Once, my wife and mother-in-law were giving a bath to our three-year-old daughter. A few minutes after she got in the water, she looked up and said, “Um, could you guys please put some toys in here so I don’t have to play with my feet?”
The mind loves things to play with. As children we call those play objects toys. As adults, we have different names for them, but they are essentially the same. They are stimulation. They are external content that we become fascinated with.
We don’t want to just “play with our feet,” or even worse, have nothing to play with at all. What could be worse for a child than to have to sit still, be quiet and do nothing? The mind craves and needs stimulation. For children, this stimulation is essential for the healthy growth of their brains, and so stimulation must be almost constant.
But at some point, that changes.
At some point, you might notice: all the stimulation, all the thinking, all the experiencing, wonderful and essential as they are, can be like the flaming sword of the keruvim, guarding the entrance to Gan Eden- the entrance to paradise.
At some moment, and maybe that moment is now, you notice:
There is an inner depth so vast, so beautiful, so alive, if you would only put down your toys and open to it.
That vastness is your own inner Divinity- Eloheikhem- it is awareness meeting the truth of the present moment- Eloheikhem Emet.
But many people never discover this, and remain identified and entangled in the noise of mental toys, in the mind’s perpetual narratives. This creates an experience of separateness, of craving for the wholeness that is actually there all along, beneath the mind. That craving can lead to great inner disturbance, and ultimately, all of the horrors that still plague humanity.
What is the remedy?
In the Talmud, Rabbi Levi Bar Chama says in the name of Rabbi Shimon Ben Lakish that when you feel yourself gripped by unwholesome motives, you should study some Torah (Berakhot 5a).
In other words, study some spiritual teaching that puts you in touch with your inner Divinity, just like you are doing right now. For the aim of spiritual teaching is not just to convey information, it’s to awaken your higher potential.
But, if that doesn’t work, he says to chant this verse:
“Sh’ma Yisrael Hashem Eloheinu, Hashem Ekhad-
"Listen Israel, Existence Itself is your own inner Divinity; there is only One Existence.”
In other words, stop and become aware that God is not something “out there” or separate. All you need do is “listen” because this moment is nothing but God, if your thinking mind would relax.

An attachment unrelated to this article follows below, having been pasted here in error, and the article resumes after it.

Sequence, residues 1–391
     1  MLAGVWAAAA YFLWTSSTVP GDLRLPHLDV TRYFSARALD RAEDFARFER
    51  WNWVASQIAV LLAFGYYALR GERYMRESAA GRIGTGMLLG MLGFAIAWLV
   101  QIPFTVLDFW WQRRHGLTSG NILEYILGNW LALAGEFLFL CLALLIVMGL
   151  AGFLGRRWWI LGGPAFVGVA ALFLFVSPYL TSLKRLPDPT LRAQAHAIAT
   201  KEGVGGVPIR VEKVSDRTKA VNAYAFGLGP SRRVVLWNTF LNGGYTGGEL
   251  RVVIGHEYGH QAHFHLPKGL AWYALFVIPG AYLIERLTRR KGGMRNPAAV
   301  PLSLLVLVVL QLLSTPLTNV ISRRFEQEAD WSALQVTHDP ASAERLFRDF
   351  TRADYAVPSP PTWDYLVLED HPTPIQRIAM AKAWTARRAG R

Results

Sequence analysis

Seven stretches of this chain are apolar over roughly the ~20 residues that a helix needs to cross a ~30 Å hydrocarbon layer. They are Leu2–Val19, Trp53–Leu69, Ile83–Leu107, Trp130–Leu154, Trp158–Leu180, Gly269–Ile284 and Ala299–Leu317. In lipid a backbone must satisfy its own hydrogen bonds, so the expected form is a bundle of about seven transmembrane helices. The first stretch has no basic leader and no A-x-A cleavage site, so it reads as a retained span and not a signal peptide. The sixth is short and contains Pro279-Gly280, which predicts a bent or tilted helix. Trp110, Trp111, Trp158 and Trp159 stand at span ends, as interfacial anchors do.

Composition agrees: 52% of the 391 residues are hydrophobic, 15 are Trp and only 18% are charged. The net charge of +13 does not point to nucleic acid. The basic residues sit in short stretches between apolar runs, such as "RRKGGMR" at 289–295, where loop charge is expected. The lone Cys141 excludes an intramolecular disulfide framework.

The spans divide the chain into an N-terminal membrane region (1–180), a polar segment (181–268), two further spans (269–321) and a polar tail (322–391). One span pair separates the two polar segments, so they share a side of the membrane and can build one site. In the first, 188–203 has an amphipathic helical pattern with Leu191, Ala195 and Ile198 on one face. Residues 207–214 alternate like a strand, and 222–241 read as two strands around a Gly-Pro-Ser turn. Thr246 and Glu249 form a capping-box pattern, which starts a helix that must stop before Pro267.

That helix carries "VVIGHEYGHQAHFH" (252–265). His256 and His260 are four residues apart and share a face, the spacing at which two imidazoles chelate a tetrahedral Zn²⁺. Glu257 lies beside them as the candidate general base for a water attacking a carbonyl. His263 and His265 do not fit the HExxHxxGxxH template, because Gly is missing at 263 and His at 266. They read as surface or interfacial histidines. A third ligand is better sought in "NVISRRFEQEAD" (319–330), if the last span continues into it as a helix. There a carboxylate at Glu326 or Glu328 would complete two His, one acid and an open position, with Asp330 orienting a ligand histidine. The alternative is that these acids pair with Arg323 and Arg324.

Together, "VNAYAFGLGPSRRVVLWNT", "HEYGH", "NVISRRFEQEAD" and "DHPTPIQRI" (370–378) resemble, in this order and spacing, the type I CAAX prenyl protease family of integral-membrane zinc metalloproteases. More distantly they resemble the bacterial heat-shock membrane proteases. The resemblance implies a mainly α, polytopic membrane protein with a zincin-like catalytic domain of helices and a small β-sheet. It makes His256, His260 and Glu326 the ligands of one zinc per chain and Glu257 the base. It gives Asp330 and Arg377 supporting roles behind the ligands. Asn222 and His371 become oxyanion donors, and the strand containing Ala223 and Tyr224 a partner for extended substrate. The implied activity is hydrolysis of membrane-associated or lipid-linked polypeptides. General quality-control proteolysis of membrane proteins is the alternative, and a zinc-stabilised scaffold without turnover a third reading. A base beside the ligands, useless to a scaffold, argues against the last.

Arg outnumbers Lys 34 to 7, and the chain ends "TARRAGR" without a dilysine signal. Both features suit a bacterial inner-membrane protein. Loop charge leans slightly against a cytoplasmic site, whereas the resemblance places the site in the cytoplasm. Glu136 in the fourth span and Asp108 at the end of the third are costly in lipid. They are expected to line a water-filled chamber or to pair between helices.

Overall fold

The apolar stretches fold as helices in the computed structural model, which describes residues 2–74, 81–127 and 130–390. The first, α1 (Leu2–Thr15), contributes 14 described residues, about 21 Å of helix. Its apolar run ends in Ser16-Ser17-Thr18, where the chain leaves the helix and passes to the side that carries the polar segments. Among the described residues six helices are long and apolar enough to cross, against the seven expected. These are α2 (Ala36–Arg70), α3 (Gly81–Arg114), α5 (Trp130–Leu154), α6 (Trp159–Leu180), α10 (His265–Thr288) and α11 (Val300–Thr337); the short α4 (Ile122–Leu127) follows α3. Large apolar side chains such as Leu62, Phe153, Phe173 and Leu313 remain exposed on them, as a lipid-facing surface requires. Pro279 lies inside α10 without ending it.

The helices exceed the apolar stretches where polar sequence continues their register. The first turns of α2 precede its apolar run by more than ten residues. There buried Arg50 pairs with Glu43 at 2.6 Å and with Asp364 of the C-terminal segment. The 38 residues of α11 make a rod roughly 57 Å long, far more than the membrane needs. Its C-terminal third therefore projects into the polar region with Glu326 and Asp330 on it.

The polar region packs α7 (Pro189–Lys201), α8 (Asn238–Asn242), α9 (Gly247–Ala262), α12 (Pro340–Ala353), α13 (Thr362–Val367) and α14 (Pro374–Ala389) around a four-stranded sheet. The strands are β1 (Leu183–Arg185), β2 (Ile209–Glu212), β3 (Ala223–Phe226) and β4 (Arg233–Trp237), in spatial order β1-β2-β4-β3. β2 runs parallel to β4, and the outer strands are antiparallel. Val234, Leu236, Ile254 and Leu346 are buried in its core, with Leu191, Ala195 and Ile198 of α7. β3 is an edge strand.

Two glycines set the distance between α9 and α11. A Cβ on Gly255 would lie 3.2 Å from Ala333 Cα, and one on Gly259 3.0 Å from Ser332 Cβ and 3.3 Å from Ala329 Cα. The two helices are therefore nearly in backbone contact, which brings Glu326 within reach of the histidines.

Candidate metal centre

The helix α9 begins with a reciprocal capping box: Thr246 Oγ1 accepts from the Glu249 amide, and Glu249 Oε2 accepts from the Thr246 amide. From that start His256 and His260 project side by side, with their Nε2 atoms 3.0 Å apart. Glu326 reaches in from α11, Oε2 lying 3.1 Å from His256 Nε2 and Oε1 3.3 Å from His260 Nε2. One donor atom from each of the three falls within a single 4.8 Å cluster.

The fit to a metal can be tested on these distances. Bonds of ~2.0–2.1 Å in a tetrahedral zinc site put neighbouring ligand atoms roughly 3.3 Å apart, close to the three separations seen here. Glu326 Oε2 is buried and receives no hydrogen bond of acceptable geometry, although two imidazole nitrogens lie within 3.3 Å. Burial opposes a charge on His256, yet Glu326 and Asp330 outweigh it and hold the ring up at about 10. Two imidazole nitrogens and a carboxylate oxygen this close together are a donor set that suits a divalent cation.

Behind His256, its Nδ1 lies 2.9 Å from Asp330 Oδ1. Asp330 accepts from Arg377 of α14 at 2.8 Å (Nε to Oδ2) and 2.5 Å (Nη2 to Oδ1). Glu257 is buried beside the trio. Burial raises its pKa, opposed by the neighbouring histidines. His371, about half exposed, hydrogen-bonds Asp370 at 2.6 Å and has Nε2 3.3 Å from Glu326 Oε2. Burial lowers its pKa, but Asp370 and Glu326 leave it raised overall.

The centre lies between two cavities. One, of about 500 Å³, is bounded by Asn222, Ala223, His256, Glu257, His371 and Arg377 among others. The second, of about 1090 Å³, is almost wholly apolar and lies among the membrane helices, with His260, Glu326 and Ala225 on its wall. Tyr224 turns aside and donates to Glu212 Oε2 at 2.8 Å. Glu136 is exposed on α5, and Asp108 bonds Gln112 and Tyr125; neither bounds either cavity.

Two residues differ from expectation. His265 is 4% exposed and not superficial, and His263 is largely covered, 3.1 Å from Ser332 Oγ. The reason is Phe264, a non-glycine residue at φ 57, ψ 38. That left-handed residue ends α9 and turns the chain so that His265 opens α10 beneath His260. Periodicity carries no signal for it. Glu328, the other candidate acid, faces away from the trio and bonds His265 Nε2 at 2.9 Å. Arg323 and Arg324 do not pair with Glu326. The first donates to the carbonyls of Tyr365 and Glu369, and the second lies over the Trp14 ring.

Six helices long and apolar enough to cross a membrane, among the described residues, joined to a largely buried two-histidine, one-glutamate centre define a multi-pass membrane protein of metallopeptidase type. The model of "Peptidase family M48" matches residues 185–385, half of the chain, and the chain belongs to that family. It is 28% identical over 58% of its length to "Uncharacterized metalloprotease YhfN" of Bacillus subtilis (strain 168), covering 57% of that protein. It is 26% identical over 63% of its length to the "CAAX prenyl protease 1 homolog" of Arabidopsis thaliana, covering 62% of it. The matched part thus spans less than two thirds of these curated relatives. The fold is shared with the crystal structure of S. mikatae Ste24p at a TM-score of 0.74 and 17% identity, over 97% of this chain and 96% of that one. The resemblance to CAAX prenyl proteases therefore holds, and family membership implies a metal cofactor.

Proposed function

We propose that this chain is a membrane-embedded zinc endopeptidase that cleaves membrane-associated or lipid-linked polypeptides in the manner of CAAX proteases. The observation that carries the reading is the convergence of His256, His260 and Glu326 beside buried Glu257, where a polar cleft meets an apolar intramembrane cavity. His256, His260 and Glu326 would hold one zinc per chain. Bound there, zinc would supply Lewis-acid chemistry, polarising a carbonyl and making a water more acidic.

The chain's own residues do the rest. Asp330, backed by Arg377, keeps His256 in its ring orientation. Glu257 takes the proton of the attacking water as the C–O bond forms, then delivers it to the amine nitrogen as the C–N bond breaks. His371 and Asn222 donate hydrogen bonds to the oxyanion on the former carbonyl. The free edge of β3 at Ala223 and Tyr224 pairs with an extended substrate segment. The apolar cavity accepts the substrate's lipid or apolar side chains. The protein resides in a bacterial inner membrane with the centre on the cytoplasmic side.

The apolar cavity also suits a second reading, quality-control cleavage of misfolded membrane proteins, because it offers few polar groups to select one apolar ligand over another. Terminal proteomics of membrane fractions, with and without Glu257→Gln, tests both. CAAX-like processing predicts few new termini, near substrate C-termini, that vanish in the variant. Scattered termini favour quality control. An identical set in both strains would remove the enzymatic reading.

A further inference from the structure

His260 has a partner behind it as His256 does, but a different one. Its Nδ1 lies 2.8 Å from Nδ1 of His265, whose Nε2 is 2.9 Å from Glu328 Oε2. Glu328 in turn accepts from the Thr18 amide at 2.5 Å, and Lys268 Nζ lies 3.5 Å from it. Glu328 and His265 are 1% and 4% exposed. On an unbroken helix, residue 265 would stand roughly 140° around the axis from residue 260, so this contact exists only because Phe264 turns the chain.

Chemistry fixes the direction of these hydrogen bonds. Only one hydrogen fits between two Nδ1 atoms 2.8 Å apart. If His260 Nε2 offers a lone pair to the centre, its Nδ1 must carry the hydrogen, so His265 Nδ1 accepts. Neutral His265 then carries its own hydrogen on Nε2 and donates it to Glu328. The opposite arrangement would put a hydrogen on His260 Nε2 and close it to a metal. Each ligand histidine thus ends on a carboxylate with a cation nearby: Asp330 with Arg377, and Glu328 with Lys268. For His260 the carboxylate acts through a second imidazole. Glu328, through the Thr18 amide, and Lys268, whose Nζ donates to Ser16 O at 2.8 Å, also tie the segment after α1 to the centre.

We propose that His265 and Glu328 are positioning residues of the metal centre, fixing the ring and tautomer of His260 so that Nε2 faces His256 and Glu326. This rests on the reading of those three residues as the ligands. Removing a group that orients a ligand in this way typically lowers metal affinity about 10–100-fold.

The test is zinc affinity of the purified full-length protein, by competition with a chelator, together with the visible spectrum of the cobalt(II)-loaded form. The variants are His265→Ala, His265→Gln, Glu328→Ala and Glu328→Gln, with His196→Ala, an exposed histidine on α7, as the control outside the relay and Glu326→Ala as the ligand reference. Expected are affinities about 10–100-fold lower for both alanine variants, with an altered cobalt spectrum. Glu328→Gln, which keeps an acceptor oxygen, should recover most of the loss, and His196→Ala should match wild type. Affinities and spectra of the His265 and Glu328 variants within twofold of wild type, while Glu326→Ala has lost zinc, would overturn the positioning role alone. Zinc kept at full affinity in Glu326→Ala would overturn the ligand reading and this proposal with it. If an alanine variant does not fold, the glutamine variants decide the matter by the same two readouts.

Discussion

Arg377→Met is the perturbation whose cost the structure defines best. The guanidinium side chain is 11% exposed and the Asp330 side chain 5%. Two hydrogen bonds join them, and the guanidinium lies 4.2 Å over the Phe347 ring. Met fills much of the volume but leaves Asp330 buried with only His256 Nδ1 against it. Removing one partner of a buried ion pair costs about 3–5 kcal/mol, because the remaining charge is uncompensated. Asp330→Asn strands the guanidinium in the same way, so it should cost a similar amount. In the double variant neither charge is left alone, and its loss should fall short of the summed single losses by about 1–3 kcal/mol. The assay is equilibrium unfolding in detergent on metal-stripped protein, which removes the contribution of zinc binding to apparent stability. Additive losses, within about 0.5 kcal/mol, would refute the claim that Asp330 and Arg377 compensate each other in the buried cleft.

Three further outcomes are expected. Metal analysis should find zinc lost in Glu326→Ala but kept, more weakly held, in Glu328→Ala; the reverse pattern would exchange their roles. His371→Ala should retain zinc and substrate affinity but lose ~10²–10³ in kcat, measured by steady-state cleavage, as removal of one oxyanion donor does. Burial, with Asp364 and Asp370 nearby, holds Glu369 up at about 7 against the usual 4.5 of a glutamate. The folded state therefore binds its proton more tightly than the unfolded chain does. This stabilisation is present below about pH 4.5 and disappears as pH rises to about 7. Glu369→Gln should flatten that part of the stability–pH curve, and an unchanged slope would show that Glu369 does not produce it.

And if that doesn’t work, there’s one more trick: Think of your own death.
The irony of children is that, on one hand, they are such bright little explosions of life, free and unencumbered by the heaviness that so many adults carry around with them.
And, at the same time, they are so utterly obsessed with things that are really trivial, as anyone knows who has had to negotiate “sharing toys” with three-year-olds.
But as adults, despite the years of psychic crust we accumulate in our nervous system, there is this tremendous opportunity for depth when we let go of everything. That is the contemplation of death. We will all die, but we can die before we die, surrendering into the reality of this moment, letting go of the story of “me”.
This week’s reading begins shortly before Moses’ death:
"Moses went and spoke these words...
‘Hayom lo ukhal…’-
‘today it is no longer possible for me to go out and come in…’”
When you live on the surface, in the mind’s narratives, there is this sense of “me” going here and there, doing this and that.
But in hayom- in the “today”- there is no longer a “me” coming and going. In the present, you live from your depths that are far beyond your personal story. This is the death before you die.
It is said that a heavenly voice told the Baal Shem Tov he would be denied life in the World to Come for some small sin he committed. When he heard this news, he jumped for joy and danced.
“Why are you so happy?” said the heavenly voice.
“Because now I can serve God for its own sake, without ulterior motive.”
In these days of teshuvah, leading to Yom Kippur- The Day of At-One-ment, may our commitment to live from our depths become ever more deep, and may that depth be revealed in our thoughts, words and actions. May we speedily see a day when all of humanity lives and loves from its true depth and potential!
Good Shabbos, and g’mar hatimah tovah-
May you be inscribed for all good things!